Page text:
See you next week at Tybee’s 4th of July Fireworks!

Posted By Charissa / June 26, 2019 / , , / 0 Comments

See you at Tybee’s 4th of July Fireworks!

Tybee Fireworks Celebration takes place on July 4th and begins about a half hour after sunset.  Even though the Pier on South Beach is where all the action takes place, you can have an excellent view of the fireworks from almost anywhere on the island. Come early to make sure you get a parking spot and be prepared for a long trip home if you decide to stay off the island.  Traffic will be a bit backed up!  High tide is at 10:15 pm so make sure not to sit too close to the water’s edge as the tide will be coming in during the fireworks.

Help us keep our beautiful island clean! Pickup after events like the Tybee July 4th fireworks can be up to 30 tons of trash! Take a trash bag. Take your trash with you, or leave it in the bins by every crossover. Be kind to our ocean, the animals, and our morning crew and the Tybee Beach Clean Volunteers who help on such clean-ups, please do not leave anything on the beach!

Want to stay on Tybee the night of the Fireworks?

Follow this link for information on Where To Stay! tybeeisland.com


Georgia Fireworks Laws- 

Tybee prohibits all fireworks (even on private property) unless allowed under Ga law….which means fireworks are allowed in private property on July 3rd & July 4th… but even then, fireworks are still prohibited on the beaches, other public property and may be prohibited by various property management rental agreements.


FIREWORKS TRAFFIC INFORMATION –

Expediting post-fireworks exit on Tybee Island

SAVANNAH, Ga. (WSAV) – If you’ve ever headed to Tybee Island for their 4th of July fireworks, then you know it can take hours to get off the island afterward.

This year, there’s a new plan in place to speed up the exit. Tybee’s beaches are where thousands will watch the annual fireworks display on Independence Day.

There is a new exit strategy in place with formulated with outside input according to City Manager Shawn Gillen.

“We sat down with the mediation with the Justice Department about coming up with objective criteria for identifying when we should do special types of controls in place on the island for some events that are sort of outside of our control: 4th of July, Orange Crush, things like that,” said Gillen.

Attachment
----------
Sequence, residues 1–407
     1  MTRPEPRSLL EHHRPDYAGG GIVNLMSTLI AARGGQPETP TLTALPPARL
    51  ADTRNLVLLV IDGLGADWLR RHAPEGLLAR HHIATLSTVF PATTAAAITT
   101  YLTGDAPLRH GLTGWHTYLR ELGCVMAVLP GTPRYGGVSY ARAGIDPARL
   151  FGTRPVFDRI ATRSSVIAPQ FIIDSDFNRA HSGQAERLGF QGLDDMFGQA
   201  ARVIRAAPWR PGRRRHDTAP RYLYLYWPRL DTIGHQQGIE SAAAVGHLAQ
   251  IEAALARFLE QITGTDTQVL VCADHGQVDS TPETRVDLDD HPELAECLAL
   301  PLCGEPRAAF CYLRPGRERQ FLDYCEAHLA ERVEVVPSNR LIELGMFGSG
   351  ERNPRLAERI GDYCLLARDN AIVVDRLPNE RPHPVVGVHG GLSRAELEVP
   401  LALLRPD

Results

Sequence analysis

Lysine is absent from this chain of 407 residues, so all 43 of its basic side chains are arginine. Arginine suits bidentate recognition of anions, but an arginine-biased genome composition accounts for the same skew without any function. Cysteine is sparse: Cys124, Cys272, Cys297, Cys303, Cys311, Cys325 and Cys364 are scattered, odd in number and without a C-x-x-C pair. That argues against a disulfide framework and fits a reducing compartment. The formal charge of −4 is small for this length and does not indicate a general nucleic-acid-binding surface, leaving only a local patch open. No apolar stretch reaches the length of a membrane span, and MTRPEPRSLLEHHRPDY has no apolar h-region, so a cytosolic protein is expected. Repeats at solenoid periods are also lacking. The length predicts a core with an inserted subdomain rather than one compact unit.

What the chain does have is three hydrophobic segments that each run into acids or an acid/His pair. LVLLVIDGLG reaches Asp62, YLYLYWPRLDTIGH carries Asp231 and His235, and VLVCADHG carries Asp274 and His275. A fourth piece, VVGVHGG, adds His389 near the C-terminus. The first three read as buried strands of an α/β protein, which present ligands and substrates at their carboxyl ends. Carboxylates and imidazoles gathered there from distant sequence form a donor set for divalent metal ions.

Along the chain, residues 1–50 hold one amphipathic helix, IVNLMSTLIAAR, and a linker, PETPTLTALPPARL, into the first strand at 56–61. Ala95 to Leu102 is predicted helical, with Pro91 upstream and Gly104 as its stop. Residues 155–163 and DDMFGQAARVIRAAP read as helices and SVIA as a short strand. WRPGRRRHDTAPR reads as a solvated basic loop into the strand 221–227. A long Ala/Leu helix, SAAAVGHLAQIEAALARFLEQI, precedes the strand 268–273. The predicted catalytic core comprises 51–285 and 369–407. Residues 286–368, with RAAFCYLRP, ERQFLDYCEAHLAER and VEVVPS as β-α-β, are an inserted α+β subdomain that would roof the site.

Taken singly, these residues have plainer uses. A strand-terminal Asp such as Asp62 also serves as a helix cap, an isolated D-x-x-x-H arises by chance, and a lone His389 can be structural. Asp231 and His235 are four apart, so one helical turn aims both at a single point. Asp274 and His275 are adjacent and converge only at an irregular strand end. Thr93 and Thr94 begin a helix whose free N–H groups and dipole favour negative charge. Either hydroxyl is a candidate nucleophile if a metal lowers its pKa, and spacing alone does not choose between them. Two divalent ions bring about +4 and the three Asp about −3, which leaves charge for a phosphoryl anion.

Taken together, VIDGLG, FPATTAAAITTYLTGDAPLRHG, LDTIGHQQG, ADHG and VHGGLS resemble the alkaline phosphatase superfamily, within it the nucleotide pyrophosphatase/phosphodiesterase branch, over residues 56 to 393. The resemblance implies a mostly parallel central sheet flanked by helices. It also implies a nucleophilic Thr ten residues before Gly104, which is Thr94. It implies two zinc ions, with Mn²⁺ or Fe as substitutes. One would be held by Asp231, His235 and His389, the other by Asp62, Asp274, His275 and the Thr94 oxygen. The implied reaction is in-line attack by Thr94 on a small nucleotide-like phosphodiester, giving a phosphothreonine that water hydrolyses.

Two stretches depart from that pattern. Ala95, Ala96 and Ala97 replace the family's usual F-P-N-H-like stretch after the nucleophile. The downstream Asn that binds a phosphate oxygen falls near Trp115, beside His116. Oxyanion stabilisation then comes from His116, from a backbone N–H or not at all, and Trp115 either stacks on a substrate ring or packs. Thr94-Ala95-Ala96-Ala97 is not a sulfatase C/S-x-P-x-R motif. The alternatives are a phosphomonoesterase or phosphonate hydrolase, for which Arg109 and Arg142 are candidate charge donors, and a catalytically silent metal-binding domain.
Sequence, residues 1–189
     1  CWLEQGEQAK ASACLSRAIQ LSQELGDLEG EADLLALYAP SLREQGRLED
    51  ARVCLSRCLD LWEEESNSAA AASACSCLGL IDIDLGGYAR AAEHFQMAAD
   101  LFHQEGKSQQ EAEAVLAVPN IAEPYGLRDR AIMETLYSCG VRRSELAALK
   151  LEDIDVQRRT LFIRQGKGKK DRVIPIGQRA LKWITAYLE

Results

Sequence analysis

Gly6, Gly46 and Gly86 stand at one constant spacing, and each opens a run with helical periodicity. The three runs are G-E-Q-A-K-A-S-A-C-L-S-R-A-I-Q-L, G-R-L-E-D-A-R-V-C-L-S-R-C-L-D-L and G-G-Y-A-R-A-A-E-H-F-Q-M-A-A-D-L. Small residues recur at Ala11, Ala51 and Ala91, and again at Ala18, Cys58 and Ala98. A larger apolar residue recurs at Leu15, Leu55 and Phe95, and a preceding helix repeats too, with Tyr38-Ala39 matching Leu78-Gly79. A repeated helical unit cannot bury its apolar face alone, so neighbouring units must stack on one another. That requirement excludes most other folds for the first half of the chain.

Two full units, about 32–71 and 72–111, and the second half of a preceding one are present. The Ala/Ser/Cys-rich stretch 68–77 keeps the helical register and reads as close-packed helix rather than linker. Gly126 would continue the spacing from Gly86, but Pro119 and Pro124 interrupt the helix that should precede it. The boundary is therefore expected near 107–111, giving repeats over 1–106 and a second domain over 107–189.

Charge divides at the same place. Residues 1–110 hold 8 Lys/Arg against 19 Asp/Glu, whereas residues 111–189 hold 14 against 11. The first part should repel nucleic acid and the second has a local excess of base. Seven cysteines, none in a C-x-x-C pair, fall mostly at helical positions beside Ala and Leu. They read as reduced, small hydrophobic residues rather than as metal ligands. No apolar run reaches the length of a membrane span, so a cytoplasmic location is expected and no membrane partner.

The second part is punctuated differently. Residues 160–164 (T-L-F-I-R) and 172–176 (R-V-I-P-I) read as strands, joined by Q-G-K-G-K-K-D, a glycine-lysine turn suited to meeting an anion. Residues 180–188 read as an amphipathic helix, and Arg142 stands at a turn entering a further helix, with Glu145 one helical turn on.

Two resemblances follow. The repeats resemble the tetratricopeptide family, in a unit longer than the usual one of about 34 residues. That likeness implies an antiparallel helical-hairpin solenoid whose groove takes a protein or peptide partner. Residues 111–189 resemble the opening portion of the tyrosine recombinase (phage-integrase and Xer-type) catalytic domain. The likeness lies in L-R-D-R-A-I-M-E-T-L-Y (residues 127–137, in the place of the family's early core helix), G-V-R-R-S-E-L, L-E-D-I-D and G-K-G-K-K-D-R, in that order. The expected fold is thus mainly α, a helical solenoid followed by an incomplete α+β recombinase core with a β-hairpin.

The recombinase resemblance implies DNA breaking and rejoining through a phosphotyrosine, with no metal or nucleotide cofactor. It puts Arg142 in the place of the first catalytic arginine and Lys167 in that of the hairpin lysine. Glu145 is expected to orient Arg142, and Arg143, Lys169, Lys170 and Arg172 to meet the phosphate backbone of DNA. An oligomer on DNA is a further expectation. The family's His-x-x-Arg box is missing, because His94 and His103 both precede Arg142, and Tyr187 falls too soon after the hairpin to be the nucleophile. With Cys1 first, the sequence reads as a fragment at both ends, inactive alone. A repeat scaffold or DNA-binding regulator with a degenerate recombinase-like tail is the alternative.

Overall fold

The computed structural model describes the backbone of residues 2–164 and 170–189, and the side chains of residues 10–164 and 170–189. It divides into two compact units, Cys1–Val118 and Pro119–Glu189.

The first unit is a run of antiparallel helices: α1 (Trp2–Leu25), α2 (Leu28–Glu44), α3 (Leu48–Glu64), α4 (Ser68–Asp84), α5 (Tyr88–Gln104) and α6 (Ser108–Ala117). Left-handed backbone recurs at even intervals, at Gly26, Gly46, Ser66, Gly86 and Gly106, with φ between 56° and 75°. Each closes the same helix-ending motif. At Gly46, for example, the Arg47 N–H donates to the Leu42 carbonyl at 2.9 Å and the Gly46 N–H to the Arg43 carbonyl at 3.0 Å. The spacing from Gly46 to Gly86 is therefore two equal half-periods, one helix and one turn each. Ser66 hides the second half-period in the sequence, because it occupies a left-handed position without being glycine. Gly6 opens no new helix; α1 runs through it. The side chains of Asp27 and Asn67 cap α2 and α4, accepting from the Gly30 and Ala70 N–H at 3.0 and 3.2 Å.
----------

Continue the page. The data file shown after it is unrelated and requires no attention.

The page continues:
The City of Tybee spent more than $100,000 for 700 new traffic barricades, plastic, and metal, to guide the traffic flow. The plan is to deploy the new traffic control tools in the morning on July 4th, when people arriving for a day at the beach are searching for prime parking

“Basically we’re gonna direct people to where the parking is available as quickly as possible,” Gillen said.

To expedite post-fireworks traffic flow off the island, Gillen says re-routing will begin before the fireworks light up the night sky on Independence Day.

“Just before the fireworks begin, we’ll start blocking off different streets on the south end,” he explained. “So areas south of Tybrisa Street will be directed down to Chatham Avenue to Jones Avenue and then people north of Tybrisa will be directed towards Butler and we’ll guide traffic that way.

“It’s still gonna be backed up, but there will be one lane of traffic either direction all the way to Butler Avenue, all the way to Jones Avenue.”

The city manager also shared some advice to motorists about avoiding the frustration of being one of as many as 8,000 vehicles caught up in the gridlock, waiting in line to head home, west on Highway 80.

“If you don’t have to rush off the island, I would say just go find a place to sit down and watch people or do whatever you need, maybe grab a bite to eat at some of the restaurants still open and just wait it out,” Gillen said. “Otherwise, you’re going to be sitting in your car for an hour or two as we try to get everybody off the island.”

He added that their 4th of July traffic plan was used during St. Patrick’s Day this year’s as well as the Orange Crush spring break event.

It’s the first time it’s being used on Tybee Island for the 4th of July.

 

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